He showed early promise as a student, and although there was little money to spare, his father resolved to provide his son, the eldest of seven children, with a good education. Consequently, in 1781 Bowles went to Winchester, where he attracted the attention and tutelage of the headmaster, Joseph Warton. From Warton the critic he learned of Pope's lesser status in the poetic hierarchy. Warton the poet, as "Monody on the Death of Dr. Warton" reveals, awakened him to nature:
Delighted 'round; awaked, inspired, amazed,
I marked another world, and in my choice
Lovelier, and decked with light! On fairy ground
Methought I buoyant trod, and heard the sound
As of enchanting melodies, that stole,
Stole gently, and entranced my captive soul.
Then all was life and hope! 'Twas thy first ray,
Sweet Fancy, on the heart...[.]
Warton reinforced and refined Bowles's youthful enthusiasm for nature, emphasizing not only the pleasures of the wild and the picturesque, but also those beauties of nature which could be rendered particularly in the verse he encouraged his young pupil to write. With Warton, he discovered Homer and Sophocles, "the lonely heights where Shakespeare sat sublime," Ossian's "wild song," and "Great Milton's solemn harmonies."
From Winchester, Bowles matriculated to Trinity College, Oxford, where he studied with Joseph Warton's brother, Thomas, professor of poetry and senior fellow, who later became poet laureate. Miltonist, historian of English poetry, and writer of sonnets and odes, Thomas Warton, like his brother, was influential in Bowles's development as a writer. Clearly the brothers shaped the receptive youth into an early romantic who was to become the direct link between them and the greater Romantic writers to follow.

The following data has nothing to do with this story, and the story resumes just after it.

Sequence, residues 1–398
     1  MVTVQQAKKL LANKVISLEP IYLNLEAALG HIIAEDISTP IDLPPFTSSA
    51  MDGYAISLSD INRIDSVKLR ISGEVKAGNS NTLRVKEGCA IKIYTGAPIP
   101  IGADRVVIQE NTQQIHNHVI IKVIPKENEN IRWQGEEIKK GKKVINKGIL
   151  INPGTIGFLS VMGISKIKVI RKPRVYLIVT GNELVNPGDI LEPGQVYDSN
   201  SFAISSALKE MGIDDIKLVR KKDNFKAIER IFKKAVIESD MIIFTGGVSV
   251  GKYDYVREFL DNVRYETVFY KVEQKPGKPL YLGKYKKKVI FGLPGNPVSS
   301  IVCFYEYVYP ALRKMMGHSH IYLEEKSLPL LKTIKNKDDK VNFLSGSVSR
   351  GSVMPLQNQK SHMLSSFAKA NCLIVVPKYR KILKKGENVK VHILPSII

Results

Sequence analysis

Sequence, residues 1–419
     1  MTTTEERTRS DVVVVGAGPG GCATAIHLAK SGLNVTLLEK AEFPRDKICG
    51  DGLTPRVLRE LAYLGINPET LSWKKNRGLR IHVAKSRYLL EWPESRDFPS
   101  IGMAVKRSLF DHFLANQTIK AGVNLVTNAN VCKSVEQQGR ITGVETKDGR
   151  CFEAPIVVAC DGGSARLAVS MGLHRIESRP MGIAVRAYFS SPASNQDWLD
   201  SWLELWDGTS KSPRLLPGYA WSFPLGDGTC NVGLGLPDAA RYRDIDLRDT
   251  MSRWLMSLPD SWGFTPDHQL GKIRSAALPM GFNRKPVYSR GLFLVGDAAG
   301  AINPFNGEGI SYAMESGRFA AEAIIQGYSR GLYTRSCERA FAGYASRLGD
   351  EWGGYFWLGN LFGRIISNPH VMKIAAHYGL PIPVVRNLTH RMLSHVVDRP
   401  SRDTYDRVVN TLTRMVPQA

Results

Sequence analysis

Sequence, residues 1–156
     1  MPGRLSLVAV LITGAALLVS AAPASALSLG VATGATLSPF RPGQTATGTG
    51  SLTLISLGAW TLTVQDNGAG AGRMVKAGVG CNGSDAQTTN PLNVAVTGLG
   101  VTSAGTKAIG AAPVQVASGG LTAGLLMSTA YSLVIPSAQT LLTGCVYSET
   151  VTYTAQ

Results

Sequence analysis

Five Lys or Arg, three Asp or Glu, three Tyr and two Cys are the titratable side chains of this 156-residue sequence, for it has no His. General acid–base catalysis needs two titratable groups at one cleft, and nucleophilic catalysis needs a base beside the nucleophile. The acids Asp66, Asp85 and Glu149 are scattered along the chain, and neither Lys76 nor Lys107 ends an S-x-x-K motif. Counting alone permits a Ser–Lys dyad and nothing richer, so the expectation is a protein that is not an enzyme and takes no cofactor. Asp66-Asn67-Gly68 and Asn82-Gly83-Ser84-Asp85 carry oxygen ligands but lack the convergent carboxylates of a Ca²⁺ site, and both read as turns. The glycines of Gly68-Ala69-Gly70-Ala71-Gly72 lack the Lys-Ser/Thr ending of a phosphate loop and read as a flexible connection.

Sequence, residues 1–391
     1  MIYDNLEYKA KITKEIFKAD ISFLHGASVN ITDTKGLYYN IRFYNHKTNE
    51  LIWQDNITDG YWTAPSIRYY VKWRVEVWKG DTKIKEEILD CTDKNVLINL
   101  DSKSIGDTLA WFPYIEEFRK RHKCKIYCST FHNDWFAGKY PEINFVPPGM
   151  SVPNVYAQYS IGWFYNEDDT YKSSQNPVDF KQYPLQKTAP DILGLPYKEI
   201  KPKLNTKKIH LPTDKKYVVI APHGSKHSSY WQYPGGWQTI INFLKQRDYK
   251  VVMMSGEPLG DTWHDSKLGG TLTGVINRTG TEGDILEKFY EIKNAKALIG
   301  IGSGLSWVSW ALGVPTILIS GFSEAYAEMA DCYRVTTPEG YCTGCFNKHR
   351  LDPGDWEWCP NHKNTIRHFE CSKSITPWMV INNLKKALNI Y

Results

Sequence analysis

At Oxford, Bowles won a prize for Latin verse. After receiving his A.B. in 1786, he attended the university intermittently for the next three years, eventually obtaining his A.M. in 1792. He did not, however, receive a hoped-for fellowship. Having taken orders, he was appointed to a curacy in southwest Wiltshire, the county in which he was to spend the rest of his life. Other ecclesiastical appointments followed, most notably in 1804 to the living in Bremhill, a Wiltshire hamlet between Chippenham and Calne. In 1804 he also became a prebendary of Salisbury cathedral and in 1828, canon residentiary. In the latter capacity one of his duties for the three months he spent in Salisbury each year allowed him to indulge his lifelong interest in church music. In 1845 ill health forced him to resign as vicar of Bremhill. He retired to Salisbury, where he died in 1850, shortly after the death of William Wordsworth, briefly outliving the last of his youthful admirers of sixty years before.